California's health exchange board given unusual degree of secrecy over contracts
Published on May 10, 2013 at 12:57 AM
The Associated Press reports that a California state law created a state agency to oversee implementation of the health law and gave it authority to keep what it spent on contractors a secret.
The Associated Press/The Washington Post: AP Exclusive: Lawmakers Granted Calif. Health Exchange Unusual Secrecy In Contracting Records
A California law that created an agency to oversee national health care reforms granted it sweeping authority to conceal spending on the contractors that will perform most of its functions, creating a barrier from public disclosure that stands out nationwide. The degree of secrecy afforded Covered California appears unique among states attempting to establish their own health insurance exchanges under President Barack Obama's signature health law (5/9).
Also, developments regarding Colorado's health exchange -
Kaiser Health News: Capsules: Colo. Launches Ad Campaign For New Online Marketplace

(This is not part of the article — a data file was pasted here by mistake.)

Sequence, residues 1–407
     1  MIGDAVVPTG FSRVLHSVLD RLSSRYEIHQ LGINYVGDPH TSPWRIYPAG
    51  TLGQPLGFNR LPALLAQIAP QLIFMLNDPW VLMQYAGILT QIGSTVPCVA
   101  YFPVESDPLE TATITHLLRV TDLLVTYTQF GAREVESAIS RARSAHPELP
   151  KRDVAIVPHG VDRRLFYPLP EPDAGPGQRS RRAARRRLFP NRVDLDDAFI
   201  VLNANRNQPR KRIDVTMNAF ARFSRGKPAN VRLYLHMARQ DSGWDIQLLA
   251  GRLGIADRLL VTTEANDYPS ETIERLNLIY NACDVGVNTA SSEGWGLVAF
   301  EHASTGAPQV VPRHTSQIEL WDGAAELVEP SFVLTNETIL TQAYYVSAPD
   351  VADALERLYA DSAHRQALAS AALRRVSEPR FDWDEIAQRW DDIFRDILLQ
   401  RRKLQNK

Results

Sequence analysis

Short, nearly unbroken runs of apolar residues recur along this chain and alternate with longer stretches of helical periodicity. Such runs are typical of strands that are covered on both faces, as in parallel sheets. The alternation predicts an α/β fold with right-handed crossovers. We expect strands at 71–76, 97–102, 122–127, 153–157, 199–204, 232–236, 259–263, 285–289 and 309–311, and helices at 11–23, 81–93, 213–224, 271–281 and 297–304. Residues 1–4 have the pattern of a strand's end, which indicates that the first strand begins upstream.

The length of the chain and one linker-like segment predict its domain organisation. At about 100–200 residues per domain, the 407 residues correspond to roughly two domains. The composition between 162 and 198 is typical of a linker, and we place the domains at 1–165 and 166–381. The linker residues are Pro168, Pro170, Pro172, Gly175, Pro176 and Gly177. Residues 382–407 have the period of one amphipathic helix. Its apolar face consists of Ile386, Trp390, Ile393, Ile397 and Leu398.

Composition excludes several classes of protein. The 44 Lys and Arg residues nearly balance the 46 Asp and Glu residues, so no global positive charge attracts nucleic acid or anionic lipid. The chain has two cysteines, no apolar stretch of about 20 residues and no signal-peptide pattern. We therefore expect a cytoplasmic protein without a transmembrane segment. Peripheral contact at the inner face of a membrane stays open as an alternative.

With less than five months until Colorado's new online health insurance marketplace opens for business this fall, officials are concerned that few state residents have heard of it. This week, it became the first state to launch a public awareness campaign with television, print, radio and billboard ads that will cost $2 million and run two months. The TV ad shows a woman at her kitchen table scrolling through health plan information on the Connect for Health Colorado website. The voice over says the website lets people shop and buy a health plan online (Galewitz, 5/8).
Health Policy Solutions (a Colo. news service): Governor Adds Deputy To Health Exchange Board
Colorado's governor has added his deputy chief of staff to the state's health exchange board and says he wants the project to come in on time and on budget. Kevin Patterson, Gov. John Hickenlooper's deputy chief of staff and chief administrative officer, joined the board following news that Colorado needed a mediator to help settle differences between the state's Medicaid managers and those building the state's new health exchange (Kerwin McCrimmon, 5/8).
This article was reprinted from kaiserhealthnews.org with permission from the Henry J. Kaiser Family Foundation. Kaiser Health News, an editorially independent news service, is a program of the Kaiser Family Foundation, a nonpartisan health care policy research organization unaffiliated with Kaiser Permanente.